The other thing that doesn’t change is your voice. Estrogen can’t un-lengthen your vocal cords. This is a source of a lot of upset for many trans women. There are ways that you can alter your voice in order to make it sound (remarkably) feminine, but these methods take a lot of practice and effort. I can’t seem to be bothered to do it, but pitch and intonation are only two aspect of voice. When you pay attention to how women talk, you’ll notice that they do several things differently from men. Men tend to speak in a monotone; women’s voices rise and fall in pitch as they speak. Women tend to enunciate more, on the whole, and they also tend to speak more slowly. For me, it was a challenge to NOT talk this way. I had to work to keep my voice in that male monotone and not the female lilt that felt much more natural to me, and which is now just my voice.
So that’s the physical changes. What about the mental ones?
I don’t really know what it’s like for trans dudes. I assume that testosterone makes you want to explain things to women that they already know, but other than that, I’m not sure. (I kid the trans dudes.)
The most noticeable, for me, is my relationship with my emotions. Many trans women find that they have never really experienced emotions fully until they start taking hormones. Not so for me; anyone who knows me knows that I was already pretty emotional. Estrogen has made me a little more emotional, but more than that it’s changed the colors of them, made them brighter and a bit more saturated. I feel whatever I’m feeling more deeply, and it’s much harder for me to shut my emotions off, or compartmentalize them.
It’s also reduced my gender dysphoria in a subtle way that’s hard to explain. My brain parts feel more… womanly. I don’t know how else to say it. It’s very difficult to separate out what the hormones are doing from the effects of simply being free to be myself. But something about me is more — I hate to say it but it’s true — more tender, more empathetic, and more caring.
The question that seems to be on everyone’s mind in this regard is: Does taking estrogen affect your sexuality? That’s a question that nobody really knows the answer to. It’s not uncommon for trans women on hormones to find their sexualities shifting in unexpected ways. But is that the hormones, or just the freedom that comes from being trans? I mean, after you’ve told everyone you’re TRANSGENDER, coming out as bisexual or whatever just seems like small potatoes. If you want to know more about this for me personally, you either need to be another trans person or you need to get me fairly drunk.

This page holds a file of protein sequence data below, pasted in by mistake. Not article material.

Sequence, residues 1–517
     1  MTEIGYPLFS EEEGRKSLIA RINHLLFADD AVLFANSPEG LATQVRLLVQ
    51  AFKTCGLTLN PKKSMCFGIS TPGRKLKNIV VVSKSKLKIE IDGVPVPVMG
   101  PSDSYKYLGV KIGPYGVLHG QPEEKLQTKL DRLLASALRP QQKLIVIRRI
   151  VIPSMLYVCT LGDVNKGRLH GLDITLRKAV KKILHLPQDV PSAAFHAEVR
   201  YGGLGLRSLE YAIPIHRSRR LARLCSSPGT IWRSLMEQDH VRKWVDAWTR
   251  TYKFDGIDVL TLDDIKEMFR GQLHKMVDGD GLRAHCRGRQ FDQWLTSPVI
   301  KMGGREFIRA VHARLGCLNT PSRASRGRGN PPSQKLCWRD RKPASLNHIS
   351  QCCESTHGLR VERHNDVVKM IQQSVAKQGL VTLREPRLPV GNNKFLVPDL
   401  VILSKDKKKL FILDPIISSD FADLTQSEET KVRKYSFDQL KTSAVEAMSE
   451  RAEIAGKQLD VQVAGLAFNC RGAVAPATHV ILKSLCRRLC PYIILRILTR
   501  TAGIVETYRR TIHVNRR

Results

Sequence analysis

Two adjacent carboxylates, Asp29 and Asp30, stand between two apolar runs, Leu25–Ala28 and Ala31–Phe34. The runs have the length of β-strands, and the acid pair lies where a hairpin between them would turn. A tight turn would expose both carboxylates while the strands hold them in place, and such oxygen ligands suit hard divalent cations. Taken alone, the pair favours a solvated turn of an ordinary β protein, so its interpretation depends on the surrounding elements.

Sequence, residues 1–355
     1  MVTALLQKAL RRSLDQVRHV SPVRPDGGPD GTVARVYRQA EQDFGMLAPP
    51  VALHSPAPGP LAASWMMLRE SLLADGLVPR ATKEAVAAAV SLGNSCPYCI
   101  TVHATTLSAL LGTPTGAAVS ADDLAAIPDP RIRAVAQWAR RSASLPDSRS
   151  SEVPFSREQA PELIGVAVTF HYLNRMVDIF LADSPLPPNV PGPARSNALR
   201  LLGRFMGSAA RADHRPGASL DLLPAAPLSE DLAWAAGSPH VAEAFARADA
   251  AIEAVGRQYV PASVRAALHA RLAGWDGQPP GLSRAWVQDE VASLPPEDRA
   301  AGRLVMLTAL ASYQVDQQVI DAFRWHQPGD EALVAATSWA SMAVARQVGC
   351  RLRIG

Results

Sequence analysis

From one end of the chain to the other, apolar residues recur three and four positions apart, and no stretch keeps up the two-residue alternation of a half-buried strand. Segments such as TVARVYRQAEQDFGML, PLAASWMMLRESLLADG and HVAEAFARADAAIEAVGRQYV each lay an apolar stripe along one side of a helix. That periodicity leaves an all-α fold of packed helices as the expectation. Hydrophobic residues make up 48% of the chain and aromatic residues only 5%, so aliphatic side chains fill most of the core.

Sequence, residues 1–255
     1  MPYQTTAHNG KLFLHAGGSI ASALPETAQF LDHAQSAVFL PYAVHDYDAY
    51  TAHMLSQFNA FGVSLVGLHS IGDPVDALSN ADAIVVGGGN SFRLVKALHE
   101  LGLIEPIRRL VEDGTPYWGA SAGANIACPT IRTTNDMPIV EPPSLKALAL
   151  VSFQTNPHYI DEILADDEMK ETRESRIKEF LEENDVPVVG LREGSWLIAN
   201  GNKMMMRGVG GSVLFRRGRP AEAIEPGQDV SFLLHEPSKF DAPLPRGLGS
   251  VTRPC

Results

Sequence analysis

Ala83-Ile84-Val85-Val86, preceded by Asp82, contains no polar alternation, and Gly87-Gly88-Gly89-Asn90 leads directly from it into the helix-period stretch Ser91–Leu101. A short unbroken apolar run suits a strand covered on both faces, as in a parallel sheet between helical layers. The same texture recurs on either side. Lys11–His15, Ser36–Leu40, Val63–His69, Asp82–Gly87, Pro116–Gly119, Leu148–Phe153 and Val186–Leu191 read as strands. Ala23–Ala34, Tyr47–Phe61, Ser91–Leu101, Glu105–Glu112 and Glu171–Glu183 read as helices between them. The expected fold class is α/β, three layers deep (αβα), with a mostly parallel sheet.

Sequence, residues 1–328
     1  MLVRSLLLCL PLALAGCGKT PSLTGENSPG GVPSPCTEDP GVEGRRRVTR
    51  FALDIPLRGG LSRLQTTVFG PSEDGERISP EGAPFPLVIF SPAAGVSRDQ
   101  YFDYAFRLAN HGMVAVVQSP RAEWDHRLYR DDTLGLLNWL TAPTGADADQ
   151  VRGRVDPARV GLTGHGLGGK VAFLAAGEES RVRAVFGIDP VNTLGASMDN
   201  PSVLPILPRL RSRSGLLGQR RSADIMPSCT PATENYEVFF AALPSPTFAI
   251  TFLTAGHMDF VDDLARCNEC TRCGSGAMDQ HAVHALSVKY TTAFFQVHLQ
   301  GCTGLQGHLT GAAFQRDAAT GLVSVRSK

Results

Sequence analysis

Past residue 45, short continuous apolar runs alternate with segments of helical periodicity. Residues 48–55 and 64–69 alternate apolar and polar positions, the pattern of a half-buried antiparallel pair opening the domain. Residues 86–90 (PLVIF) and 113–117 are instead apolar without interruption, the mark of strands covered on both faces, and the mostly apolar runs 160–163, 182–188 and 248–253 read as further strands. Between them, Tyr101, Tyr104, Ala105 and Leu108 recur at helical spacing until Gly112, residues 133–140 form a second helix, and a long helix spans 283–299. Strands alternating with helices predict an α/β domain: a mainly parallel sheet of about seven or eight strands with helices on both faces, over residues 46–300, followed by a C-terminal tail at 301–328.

Overall, HRT is an amazing gift. It doesn’t just make beards and boobs grow; it gives your brain something it needs to thrive. Brain scans of transgender people have shown that in some ways our brains are likely to be more like those of our preferred gender. This makes a certain amount of sense; you don’t just DECIDE to be trans one day; it’s baked into you at a deep level. It’s so deeply affirming on every level to look at my blood work and see my estradiol level well in the range of a healthy adult woman, while my T-levels are taking a nosedive.
HRT also gives trans people the rarest and most magical of opportunities, which is to experience the world from two very different perspectives. It’s a bit skewed because a) I was NOT your average guy when I identified as male, by a long shot; and b) my experience as female has a couple of major asterisks. I don’t know if what I feel like is what a cisgender woman feels like. There’s no way of knowing. But the more I exist in the world, the more I’m treated like a woman by other people, my experience of my inner mental world and of my outer experience tend to converge on something that just feels “right.” Whether it’s joking around with the lady who does my brows, or sitting with a girlfriend who’s feeling sad, I FEEL like a woman, and that means everything to me.
I’ll end this with a very strange experience I had a couple of weeks ago that I never could have imagined, and was not prepared for. I was in my favorite coffee shop, and a woman walked by holding the most adorable baby you ever saw in your life. The baby looked at me and smiled and I very clearly and with deep certainty, thought, “I NEED TO HAVE A BABY.” A hundredth of a second later, I remembered that I don’t have the biological equipment for that, and it was the most bizarre and surreal sense of mental double-vision I’ve ever experienced, like I was living in two different universes at once.
I guess, in a way, I was.